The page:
What, if anything, is global in"global health"? Whatever this field might be, it is more often than not actively produced through a range of conflicting ethical commitments of multiple expert cultures, social movements and laypersons. This course explores critical themes in the historical and sociocultural study of global health. Students will engage a number of disciplinary perspectives within the social sciences including the history, sociology, and anthropology of science, and we will pay particular attention to feminist, queer, and postcolonial science studies perspectives. Throughout, we will consider how both global and local cultural transformations have shaped the emergence of this multidisciplinary field of study. To understand the complexity of global health, students will engage with a number of theoretical and ethnographic texts while questioning its stability and coherence as a self-same object given its interdisciplinary character. In doing so, we will explore the ways in which diverse sets of interests converge to constitute as well as contest the ever-shifting boundaries of global health.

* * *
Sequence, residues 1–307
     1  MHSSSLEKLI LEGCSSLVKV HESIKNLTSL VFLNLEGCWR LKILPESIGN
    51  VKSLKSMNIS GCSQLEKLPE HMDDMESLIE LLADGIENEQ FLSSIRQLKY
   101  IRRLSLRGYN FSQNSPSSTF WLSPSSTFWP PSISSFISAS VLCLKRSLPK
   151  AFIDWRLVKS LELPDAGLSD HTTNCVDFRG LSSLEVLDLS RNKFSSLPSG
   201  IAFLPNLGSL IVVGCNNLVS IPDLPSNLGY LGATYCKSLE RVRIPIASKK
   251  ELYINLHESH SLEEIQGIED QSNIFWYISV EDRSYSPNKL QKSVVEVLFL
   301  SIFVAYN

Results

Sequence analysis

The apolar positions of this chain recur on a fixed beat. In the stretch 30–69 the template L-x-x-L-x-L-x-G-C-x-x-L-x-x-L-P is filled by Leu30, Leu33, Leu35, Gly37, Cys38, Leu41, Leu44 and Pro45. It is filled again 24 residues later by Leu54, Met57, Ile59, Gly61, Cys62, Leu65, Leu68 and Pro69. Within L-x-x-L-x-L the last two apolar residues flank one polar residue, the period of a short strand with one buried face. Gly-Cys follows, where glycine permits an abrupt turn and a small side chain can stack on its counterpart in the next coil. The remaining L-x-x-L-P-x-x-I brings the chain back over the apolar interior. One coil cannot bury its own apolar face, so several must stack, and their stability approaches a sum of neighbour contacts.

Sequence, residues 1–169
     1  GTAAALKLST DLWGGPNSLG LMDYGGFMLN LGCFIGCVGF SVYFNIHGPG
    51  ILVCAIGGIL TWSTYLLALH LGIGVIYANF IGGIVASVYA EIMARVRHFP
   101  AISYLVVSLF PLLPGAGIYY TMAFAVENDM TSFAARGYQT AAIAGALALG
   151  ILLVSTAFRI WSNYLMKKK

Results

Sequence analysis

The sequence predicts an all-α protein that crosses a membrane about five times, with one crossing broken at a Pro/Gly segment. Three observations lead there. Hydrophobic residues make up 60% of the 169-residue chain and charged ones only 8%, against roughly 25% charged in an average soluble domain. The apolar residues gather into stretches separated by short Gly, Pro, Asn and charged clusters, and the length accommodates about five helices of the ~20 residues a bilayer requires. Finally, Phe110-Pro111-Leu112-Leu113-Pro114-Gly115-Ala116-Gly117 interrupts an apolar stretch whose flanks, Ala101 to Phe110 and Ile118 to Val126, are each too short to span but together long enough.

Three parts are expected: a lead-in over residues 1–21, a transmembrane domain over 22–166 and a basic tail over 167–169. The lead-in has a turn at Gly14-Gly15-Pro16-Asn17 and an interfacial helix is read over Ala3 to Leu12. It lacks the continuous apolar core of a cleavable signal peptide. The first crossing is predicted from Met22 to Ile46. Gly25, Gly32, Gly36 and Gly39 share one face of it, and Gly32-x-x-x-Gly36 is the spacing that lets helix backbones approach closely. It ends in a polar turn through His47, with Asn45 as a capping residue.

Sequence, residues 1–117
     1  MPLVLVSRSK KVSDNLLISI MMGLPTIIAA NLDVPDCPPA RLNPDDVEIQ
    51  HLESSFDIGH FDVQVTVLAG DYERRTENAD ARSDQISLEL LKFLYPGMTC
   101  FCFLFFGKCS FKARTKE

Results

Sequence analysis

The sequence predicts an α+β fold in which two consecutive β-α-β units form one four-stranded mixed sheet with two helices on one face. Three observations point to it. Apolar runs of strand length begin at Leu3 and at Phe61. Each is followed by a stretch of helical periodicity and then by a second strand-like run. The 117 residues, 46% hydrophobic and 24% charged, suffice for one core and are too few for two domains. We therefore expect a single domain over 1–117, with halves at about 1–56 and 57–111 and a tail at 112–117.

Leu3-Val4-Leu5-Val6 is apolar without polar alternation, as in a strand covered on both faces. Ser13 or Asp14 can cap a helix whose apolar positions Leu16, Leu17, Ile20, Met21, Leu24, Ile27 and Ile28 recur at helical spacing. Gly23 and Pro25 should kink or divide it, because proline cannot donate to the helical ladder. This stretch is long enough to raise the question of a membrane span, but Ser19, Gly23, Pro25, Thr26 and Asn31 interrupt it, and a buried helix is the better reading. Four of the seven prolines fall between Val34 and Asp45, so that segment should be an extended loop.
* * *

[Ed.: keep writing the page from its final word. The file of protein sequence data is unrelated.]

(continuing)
Section 401 - SEM
W 0200PM-0450PM